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Arts in Review

SoundBites (The Lonely Island, Sloan, Danger Mouse, Sam Roberts Band)

Capsule reviews of the latest releases from The Lonely Island, Sloan, Danger Mouse, and Sam Roberts Band.

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Date Posted: May 31, 2011
Print Edition: May 27, 2011

The Lonely Island – Turtleneck and Chain

The boys from The Lonely Island are back, reppin’ style advice, impressive guest artists, and the finest hip-hop comedy yet with their second album Turtleneck and Chain. Surprisingly, throwaway tracks are at a minimum and production values are high. Listeners will especially enjoy the title track, as well as “The Creep,” featuring Nicki Minaj (!), and “Attracted to Us,” featuring Beck (!!). Other stars on the album include Snoop Dogg, Michael Bolton, Santigold, Akon, JT, and Rihanna. T&C is slicker than their first effort, Incredibad, and even without the accompanying Saturday Night Live digital shorts, many tracks are laugh-out-loud funny and feature catchy hooks and crunchy beats (90s children will especially enjoy the 30 second Falcor vs. Atreyu sex scene skit). Fun for the whole (depraved) family, the only criticism of Samberg, Shaffer and Taccone is that much like some SNL skits, it goes on way too long. Definitely worth a few listens, if you’re not too embarrassed.

-Sophie Isbister

Sloan – The Double Cross

Titled after the Halifax power pop quartet’s 20th anniversary rendered in Roman numerals, The Double Cross is Sloan’s tenth LP. Though lesser bands might have long lost the requisite drive and focus by the time they reach such a milestone, Jay Ferguson, Chris Murphy, Patrick Pentland, and Andrew Scott only sound more assured and dedicated than ever. The album kicks off with a blistering trio of hook-laden top down classics that flow seamlessly into the next, a trick perfected on 2006’s Never Hear the End of It. While these three tracks alone would make The Double Cross a worthy addition to Sloan’s impressive catalogue, they are but a sampler of the riches to follow. Whether the vaguely Stonesy stomp of the Pentland-penned first single “Unkind” or Ferguson’s deftly finger-picked side one closer “Green Gardens, Cold Montreal,” the album is peppered with incredible three-minute bursts of pure aural joy. Here’s to XX more.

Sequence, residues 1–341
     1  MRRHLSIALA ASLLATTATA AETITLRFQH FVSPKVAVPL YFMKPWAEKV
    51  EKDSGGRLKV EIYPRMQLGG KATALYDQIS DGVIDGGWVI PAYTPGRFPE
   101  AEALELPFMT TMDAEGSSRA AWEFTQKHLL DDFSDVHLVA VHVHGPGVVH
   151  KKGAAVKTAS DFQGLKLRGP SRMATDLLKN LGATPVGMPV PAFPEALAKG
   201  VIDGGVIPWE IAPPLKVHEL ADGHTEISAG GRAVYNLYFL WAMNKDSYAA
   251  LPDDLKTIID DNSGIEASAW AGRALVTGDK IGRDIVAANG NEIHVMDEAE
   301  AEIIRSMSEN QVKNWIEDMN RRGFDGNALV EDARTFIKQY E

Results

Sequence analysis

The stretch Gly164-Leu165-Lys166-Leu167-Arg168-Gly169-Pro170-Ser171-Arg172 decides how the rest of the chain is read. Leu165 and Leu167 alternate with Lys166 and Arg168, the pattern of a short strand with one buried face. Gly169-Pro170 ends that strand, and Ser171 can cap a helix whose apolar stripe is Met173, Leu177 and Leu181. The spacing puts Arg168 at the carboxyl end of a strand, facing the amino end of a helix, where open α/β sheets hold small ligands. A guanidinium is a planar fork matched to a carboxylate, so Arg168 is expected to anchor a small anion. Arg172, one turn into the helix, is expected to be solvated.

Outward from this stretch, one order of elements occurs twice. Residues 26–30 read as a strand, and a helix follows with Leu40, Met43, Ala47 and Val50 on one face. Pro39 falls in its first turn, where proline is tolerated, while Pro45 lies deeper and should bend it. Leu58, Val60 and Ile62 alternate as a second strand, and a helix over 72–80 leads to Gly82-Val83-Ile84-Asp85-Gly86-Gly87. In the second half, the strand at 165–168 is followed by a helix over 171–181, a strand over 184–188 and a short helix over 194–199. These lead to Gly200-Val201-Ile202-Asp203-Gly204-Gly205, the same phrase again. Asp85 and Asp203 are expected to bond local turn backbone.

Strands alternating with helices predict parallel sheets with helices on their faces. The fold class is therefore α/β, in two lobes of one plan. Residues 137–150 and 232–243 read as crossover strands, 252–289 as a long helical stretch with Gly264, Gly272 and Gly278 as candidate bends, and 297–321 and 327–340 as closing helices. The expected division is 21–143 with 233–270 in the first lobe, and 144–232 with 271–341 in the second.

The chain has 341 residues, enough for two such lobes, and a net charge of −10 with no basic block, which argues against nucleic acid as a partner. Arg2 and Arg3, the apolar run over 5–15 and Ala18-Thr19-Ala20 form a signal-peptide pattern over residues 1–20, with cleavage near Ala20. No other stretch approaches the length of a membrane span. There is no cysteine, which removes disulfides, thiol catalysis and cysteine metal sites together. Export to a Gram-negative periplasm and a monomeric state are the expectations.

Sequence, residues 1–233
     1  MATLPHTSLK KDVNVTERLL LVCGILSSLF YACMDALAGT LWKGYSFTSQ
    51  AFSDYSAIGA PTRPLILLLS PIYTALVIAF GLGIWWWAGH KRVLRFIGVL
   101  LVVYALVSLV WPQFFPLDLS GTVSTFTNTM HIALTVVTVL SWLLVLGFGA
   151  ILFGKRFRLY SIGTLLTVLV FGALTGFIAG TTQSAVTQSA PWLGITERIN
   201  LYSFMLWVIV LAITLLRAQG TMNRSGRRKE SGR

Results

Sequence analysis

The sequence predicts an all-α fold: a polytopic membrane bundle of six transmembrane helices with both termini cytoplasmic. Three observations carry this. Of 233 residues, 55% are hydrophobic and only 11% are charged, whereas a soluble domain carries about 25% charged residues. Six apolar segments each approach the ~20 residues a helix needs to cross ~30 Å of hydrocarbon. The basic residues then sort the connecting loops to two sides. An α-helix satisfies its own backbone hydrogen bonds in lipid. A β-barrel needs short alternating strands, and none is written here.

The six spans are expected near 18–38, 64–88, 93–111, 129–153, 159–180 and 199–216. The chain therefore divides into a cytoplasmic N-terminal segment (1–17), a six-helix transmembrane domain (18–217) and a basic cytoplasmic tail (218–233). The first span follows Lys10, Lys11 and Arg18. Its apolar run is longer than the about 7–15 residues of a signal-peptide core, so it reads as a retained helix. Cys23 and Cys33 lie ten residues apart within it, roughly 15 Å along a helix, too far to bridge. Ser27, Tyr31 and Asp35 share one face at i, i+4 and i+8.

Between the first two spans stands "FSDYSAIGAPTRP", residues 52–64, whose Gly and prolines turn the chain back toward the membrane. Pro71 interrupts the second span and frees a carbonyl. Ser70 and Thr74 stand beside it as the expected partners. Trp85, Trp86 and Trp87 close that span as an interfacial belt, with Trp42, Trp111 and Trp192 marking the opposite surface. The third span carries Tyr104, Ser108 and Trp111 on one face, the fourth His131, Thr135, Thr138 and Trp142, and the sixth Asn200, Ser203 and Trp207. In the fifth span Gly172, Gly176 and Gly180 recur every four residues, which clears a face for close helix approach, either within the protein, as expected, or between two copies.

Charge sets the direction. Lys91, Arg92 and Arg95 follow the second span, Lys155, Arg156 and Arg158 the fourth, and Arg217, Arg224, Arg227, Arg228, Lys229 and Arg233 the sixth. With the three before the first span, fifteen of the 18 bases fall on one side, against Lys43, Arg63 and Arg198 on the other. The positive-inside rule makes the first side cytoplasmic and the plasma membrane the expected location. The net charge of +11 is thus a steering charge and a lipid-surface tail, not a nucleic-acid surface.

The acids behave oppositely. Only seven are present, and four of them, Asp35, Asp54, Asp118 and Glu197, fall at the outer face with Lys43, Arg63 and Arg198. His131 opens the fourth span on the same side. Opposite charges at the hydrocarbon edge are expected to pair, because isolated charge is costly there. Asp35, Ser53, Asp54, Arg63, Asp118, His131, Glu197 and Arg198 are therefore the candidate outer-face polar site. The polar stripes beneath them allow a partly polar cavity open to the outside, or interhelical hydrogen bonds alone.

-Nick Ubels

Danger Mouse – Rome

Norah Jones, Jack White, and Italian composer Daniele Luppi come together with “Danger Mouse” (Brian Burton) to make an album that is cool, hip, smooth, and groovy. Many of the tracks in the album sound like they come from a late sixties heist movie with maybe a hint of modern sound to it, though no more. Rome is slow, moody, and melancholy, with a laid back R&B rhythm, haunting vocals, and powerfully beautiful violin underneath. Especially notable is “Two Against One” with its eerie lyrics and wild west sounding electric guitar licks that bring to mind a seedy bar in a Quentin Tarantino movie. It’s got a unique, good groove that is rare to hear anymore; definitely worth chilling out to in your car.

-Joel Colbourne

Sam Roberts Band – Collider

Along with changing the title of his act to Sam Roberts Band for Collider, Sam Roberts called upon renowned saxophonist Stuart Bogie to add a jazzier sound to the album. Songs like “Streets of Heaven” and “Let It Be” would be noticeably bare if it wasn’t for Bogie’s sleek grooves. As much as Roberts’ seeks to evolve his sound on this album, he’s never been one to neglect his roots. The high-pitched and dreamy organs used on “The Graveyard Shift” are reminiscent of those from “No Sleep,” which appeared on his debut album eight years ago. Although terrific songs do exist on this album, it feels like Roberts is caught somewhere in the middle between his old and new sound. The Strokes-like “Sang Froid” clashes with mellower songs such as the rootsy “Twist the Knife” or the effortless “No Arrow.” Sam Roberts again proves his worth with Collider; however, one might wonder whether this album serves as a transition or a deviation in the Canadian singer’s career. 

-Tim Ubels

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